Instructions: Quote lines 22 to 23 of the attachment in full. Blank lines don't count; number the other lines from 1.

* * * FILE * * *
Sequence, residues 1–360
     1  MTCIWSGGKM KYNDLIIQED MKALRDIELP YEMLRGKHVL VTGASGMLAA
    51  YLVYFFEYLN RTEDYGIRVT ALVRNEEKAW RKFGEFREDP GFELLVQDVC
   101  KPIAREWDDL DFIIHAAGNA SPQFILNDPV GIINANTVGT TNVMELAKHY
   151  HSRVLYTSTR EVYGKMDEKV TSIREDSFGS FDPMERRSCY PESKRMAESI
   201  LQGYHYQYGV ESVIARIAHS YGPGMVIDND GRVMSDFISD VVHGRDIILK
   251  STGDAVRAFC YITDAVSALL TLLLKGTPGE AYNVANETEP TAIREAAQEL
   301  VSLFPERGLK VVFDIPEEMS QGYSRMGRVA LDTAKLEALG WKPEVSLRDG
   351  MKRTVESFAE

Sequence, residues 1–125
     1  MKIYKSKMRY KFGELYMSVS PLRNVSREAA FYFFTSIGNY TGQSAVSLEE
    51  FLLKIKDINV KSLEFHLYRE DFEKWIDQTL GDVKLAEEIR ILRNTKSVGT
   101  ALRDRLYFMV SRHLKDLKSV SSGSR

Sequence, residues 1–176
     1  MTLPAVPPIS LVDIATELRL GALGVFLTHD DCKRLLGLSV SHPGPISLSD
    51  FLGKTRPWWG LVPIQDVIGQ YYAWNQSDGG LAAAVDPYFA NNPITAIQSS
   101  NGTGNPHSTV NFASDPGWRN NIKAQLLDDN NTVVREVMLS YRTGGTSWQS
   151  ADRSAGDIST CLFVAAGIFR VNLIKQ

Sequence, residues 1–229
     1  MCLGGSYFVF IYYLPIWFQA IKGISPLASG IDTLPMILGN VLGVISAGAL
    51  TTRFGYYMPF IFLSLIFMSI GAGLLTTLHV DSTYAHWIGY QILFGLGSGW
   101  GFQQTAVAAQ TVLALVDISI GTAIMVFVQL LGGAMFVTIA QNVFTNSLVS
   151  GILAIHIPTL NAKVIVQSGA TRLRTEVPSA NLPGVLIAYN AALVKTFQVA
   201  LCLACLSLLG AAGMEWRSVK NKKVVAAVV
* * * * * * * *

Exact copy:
   101  GFQQTAVAAQ TVLALVDISI GTAIMVFVQL LGGAMFVTIA QNVFTNSLVS
   151  GILAIHIPTL NAKVIVQSGA TRLRTEVPSA NLPGVLIAYN AALVKTFQVA